A violation of § 1 of the Sherman Act occurs when there is an "agreement in the form of a contract, combination or conspiracy that imposes an unreasonable restraint on trade." Oksanen v. Page Mem 7 Hosp., 945 F.2d 646, 702 (4th Cir. 1991): When the restraint is vertical, that is, when the restraint is between two parties at different distribution levels, more is required for the restraint to be unreasonable than if the restraint is at the same level. Vertical restraints are often economically useful, so courts generally apply the "rule of reason" analysis to determine whether vertical restraints are permissible. See Cont'l Airlines, Inc. v. United Airlines, Inc., 277 F.3d 499, 509 (4th Cir. 2002). To sustain a claim under the rule of reason, a plaintiff must allege that defendant's actions unreasonably restrained trade in a plausible market. Id. Plaintiff must also allege a conspiracy or other agreement that would operate in restraint of trade. AM. Needle, Inc. v. Nat'l Football League, 560 U.S. 183, 190 (2010). Parallel conduct is insufficient. A plan is required.

         Therefore, the first question is whether plaintiff has alleged facts regarding a particular market-both a product market and a geographic market. Second, the plaintiff must argue there is a contract or conspiracy. Here, such an allegation must include facts that, taken in the light most favorable to the plaintiff, would show that Armacell actually made agreements in order to restrain trade. K-Flex has pled enough facts to sustain a claim upon which relief can be granted.

         First, K-Flex has alleged both a product market and a geographic market that would support its claims. Determining what product market is appropriate requires a "plenary" examination, covering "the facts peculiar to the business, " among other concerns. Cont'l Airlines, Inc. v. United Airlines, Inc., 277 F.3d 499, 509 (4th Cir. 2002) (internal quotation marks omitted). Products that have "reasonable interchangeability for the purposes for which they are produced" belong in the same market; therefore, it follows that products that are not interchangeable are not in the same market. United States v. E. I du Pont de Nemours & Co., 351 U.S. 377, 404 (1956). At this stage, K-Flex's market allegations are sufficient to go forward. K-Flex has pled facts to show that there is a separate market for elastomeric foam insulation, as opposed to PE foam or other kinds of insulation. Elastomeric foam is made from different material, has different characteristics and price points, and is primarily used in different settings. The fact that K-Flex does not manufacture PE foam also bolsters its claim.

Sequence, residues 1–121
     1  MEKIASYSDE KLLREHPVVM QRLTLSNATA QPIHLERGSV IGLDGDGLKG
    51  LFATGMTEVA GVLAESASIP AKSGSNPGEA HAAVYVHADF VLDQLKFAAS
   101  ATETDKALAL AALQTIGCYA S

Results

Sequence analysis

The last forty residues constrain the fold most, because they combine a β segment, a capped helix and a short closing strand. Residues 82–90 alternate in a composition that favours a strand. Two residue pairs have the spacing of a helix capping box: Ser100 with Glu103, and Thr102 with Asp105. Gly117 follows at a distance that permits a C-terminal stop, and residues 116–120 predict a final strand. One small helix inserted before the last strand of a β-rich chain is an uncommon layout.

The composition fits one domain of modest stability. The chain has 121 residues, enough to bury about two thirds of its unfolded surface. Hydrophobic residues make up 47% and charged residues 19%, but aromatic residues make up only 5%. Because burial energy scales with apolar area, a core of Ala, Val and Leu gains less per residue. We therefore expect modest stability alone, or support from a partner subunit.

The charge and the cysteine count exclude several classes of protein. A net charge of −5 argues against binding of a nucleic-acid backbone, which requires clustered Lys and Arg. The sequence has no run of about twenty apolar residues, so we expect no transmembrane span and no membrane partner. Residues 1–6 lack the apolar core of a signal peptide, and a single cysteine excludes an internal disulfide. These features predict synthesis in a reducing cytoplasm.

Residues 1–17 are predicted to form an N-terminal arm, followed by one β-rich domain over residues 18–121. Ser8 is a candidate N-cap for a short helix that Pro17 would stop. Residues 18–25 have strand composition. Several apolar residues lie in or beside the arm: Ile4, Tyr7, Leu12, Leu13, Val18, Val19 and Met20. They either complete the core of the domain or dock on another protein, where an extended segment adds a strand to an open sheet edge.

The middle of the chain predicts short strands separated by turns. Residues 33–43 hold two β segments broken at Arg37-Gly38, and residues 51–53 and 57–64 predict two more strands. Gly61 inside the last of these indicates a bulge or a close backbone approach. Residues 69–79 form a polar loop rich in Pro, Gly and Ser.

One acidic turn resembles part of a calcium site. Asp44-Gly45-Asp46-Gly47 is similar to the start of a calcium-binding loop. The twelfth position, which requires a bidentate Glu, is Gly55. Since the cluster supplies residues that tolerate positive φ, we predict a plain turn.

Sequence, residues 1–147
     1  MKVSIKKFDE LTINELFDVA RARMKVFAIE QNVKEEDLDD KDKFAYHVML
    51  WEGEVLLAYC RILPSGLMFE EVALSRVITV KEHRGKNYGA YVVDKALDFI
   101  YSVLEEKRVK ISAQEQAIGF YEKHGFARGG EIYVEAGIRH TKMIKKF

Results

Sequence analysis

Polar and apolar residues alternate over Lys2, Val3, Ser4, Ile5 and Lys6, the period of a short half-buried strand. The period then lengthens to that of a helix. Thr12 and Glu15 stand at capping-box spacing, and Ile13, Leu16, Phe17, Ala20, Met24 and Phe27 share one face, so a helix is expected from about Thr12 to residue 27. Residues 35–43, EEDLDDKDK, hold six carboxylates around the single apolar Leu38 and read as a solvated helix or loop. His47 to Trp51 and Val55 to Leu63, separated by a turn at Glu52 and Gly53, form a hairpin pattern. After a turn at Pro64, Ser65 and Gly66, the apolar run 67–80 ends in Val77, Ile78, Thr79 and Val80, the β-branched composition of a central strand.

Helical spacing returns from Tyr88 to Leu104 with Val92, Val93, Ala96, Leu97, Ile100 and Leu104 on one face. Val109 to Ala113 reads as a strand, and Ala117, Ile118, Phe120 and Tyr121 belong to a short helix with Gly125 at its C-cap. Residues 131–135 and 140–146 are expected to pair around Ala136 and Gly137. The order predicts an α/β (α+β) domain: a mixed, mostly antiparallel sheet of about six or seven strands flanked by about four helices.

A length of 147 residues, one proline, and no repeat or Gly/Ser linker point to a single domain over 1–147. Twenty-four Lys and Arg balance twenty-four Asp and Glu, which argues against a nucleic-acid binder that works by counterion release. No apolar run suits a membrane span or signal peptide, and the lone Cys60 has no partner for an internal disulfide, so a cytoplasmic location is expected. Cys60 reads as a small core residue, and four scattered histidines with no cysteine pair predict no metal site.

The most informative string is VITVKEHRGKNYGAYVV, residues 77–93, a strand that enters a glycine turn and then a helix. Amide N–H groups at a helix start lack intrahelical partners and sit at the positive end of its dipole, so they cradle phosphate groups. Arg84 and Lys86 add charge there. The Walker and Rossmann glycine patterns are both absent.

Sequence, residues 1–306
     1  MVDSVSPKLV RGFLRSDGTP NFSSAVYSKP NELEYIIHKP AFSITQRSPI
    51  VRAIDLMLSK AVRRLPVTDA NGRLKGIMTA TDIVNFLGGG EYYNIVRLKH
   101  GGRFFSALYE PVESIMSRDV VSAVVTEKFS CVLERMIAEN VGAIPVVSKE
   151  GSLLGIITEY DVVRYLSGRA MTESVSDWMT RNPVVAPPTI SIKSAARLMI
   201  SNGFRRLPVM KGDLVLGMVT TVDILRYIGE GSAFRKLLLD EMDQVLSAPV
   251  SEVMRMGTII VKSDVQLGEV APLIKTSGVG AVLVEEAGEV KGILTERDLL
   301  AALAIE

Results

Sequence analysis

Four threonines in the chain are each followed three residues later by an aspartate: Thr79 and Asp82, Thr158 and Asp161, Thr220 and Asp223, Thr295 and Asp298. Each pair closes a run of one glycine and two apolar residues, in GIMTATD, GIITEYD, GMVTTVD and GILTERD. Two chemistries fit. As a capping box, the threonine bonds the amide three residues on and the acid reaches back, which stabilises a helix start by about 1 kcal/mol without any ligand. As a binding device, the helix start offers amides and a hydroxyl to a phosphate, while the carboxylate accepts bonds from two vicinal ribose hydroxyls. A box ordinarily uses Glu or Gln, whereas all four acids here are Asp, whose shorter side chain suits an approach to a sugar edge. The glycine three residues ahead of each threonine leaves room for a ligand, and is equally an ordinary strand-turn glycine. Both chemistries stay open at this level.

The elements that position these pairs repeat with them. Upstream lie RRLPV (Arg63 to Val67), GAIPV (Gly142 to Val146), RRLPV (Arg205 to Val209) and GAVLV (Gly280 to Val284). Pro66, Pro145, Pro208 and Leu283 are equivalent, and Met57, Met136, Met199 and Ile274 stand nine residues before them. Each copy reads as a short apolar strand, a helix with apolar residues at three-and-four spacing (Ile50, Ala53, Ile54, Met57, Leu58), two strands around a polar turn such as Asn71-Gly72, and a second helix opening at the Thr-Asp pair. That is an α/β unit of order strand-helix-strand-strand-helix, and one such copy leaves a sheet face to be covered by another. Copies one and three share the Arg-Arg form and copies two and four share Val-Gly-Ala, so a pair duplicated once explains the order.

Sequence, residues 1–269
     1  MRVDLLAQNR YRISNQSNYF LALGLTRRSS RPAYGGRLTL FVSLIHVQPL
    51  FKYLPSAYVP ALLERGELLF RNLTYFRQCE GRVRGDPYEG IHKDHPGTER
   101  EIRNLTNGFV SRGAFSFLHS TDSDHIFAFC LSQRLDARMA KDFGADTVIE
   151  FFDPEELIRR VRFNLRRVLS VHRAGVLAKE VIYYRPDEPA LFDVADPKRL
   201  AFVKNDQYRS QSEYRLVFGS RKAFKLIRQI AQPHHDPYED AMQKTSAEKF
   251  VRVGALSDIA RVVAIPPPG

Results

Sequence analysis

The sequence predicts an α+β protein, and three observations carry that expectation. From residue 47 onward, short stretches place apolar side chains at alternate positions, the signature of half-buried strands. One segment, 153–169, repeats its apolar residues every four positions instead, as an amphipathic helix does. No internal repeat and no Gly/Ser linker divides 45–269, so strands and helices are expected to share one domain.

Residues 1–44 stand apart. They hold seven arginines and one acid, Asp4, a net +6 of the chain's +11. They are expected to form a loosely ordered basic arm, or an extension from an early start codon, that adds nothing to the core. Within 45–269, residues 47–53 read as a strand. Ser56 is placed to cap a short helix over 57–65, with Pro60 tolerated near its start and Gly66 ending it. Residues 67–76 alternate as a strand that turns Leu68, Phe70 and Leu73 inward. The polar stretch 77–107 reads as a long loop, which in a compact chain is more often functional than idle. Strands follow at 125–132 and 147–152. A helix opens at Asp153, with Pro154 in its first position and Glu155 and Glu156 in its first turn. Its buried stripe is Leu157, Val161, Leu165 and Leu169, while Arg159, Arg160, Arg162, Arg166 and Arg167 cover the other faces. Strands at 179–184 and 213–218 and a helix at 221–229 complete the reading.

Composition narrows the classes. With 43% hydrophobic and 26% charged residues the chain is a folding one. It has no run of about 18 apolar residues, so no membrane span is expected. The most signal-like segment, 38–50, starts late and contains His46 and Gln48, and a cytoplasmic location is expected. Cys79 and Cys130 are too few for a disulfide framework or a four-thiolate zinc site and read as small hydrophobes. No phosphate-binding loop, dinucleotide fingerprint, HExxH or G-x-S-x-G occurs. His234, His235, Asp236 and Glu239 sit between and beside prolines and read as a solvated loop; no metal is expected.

Second, K-Flex's allegations of a geographic market are plausible. The appropriate geographic market is "the area within which the defendant's customers.. .can practicably turn to alternative supplies if the defendant were to raise its prices." EI. du Pont de Nemours & Co. v. Kolon Indus., Inc., 637 F.3d 435, 441 (4th Cir. 2011). The market can be the entire nation. Brown Shoe Co. v. United States, 370 U.S. 294, 377 (1962). In support of this domestic market definition, K-Flex has alleged facts to show that because this insulation is so expensive to transport, it would only be made in the United States for United States consumption. Additionally, K-Flex has argued that the coercion taking place in the southeast will have effects throughout the domestic market.

         K-Flex can also sustain a claim that there was an agreement. While a conclusory allegation of conspiracy is not enough, K-Flex has alleged more than that. Plaintiff has claimed that Armacell is working directly with Sunbelt and other distributors to exert control over the marketplace, to the detriment of the free flow of trade. Plaintiff has claimed that its own distribution agreement was terminated due to Armacell's pressure. The allegations that this restraint on competition will harm competition and lead to increased prices state a claim upon which relief could be granted.

         II. Sherma ...